Even in this age of digital cameras, there is still something truly amazing about Polaroid Type 55 positive/negative film. Rated at about 32ISO (rather than the recommended 50ISO), this film is capable of recording superb detail and tonalities. With Polaroid Type 55 4×5 film, each exposure yielded a positive 4×5 polaroid print and a 4×5 negative that could be used in an enlarger for printing. My approach to using this film has always been to treat it like regular film, compose the image and expose carefully, then process the film when I get home. Using the Polaroid back I would do this processing in my darkroom, keeping any light exposure of the negative to a minimum until the negative had safely cleared in a sulphite solution. Then I would complete the processing with a wash period, photoflo immersion then dry just like a regular film. You now have a 4×5 contact print in one hand and a perfectly usable 4×5 negative in the other, what a bargain! This image of the Dune Cabbage is an enlargement from Polaroid PN 55 made on Forte graded paper. This Dune Cabbage (Arctotheca populifolia) was photographed near Cape Leeuwin, Augusta in Australia’s south west, although this successful dune coloniser is widespread around coastal regions, it originated from South Africa. Apparently the leaves can be peeled and eaten as salad or lightly steamed. Here’s one I prepared earlier.
Detail of Rock Thryptomene, Margaret River region. The relationships and spaces formed between the living and the inanimate often create a fascinating visual harmony. These wind pruned, stunted coastal Rock Thryptomene sit high on granite sea cliffs just north of Margaret River. Their tendril like branches of rough, fibrous bark and miniature hard spiky leaves are further testament to this harsh environment. The cliff tops are exposed to the height of winter gales which sweep up from deep within the Southern Ocean, sometimes with hurricane force. Grasping a root hold in shallow soil depressions between boulders, their branches spread outwards, caressing the very surface of their rocky domain, twisting and curving back upon themselves in a graceful, almost calligraphy like gesture.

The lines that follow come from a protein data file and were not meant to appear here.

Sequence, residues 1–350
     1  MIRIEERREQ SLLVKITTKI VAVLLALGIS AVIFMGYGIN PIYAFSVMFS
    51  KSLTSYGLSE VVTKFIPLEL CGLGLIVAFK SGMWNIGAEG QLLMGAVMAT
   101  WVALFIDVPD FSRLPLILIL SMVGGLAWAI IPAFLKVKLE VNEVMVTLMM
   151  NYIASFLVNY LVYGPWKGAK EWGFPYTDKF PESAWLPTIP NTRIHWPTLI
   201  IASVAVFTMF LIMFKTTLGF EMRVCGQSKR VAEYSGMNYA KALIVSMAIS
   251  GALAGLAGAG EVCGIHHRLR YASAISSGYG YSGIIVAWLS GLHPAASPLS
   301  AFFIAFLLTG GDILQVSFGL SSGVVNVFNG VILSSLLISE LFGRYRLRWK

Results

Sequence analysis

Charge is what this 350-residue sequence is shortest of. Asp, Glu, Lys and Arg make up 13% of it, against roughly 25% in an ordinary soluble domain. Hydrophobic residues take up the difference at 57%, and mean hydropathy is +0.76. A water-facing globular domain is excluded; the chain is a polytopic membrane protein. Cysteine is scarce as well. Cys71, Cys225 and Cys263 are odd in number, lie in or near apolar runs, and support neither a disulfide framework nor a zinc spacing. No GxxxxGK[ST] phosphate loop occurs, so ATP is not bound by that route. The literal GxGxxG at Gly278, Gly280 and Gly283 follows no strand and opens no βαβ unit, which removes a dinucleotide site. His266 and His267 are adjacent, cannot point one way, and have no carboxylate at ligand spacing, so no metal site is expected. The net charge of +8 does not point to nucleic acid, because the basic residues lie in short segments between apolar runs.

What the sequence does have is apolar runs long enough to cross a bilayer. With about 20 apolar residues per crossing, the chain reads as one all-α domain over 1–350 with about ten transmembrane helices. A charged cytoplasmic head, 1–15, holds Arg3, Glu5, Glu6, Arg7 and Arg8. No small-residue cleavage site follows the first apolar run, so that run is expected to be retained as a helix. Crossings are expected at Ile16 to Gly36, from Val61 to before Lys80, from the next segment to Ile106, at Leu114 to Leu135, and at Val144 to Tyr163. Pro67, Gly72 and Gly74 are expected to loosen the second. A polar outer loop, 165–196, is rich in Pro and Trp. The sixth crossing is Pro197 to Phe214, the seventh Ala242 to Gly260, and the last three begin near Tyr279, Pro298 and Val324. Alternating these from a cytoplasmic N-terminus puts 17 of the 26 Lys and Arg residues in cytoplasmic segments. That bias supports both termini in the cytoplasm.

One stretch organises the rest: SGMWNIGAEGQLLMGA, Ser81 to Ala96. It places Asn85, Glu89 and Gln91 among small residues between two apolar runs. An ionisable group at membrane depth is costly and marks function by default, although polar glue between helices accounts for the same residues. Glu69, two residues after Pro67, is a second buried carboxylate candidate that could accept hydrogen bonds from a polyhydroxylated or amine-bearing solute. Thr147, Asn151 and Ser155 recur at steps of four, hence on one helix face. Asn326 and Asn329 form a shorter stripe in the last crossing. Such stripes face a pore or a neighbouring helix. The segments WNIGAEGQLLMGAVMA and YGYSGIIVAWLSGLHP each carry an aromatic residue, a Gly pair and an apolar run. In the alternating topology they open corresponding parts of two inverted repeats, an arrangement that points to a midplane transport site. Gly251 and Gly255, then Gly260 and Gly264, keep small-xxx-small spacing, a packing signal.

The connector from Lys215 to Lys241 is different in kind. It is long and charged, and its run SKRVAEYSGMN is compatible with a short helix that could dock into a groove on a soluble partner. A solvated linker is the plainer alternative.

The exposure information is as follows: Film was Tmax 400, 4×5 format, 90mm lens, f32, 1 second exposure, developed N+1. I was interested in experimenting with the contrast of a duplicate negative by toning it in Kodak Rapid Selenium toner diluted 1+3. I toned initially for 3 minutes, but could not detect any change in density, so continued up to 10 minutes. There was still no change so I tried straight toner for two minutes without dilution, still no affect. When I contact print both negs side by side there is no difference. I have only recently started using TMax 400 4×5 film, and this is the first time I have ever tried toning it. Previous toning has worked with Tri X 4×5. Maybe it is something to do with the chemical state or silver content of processed TMax films? (This is the New TMax film).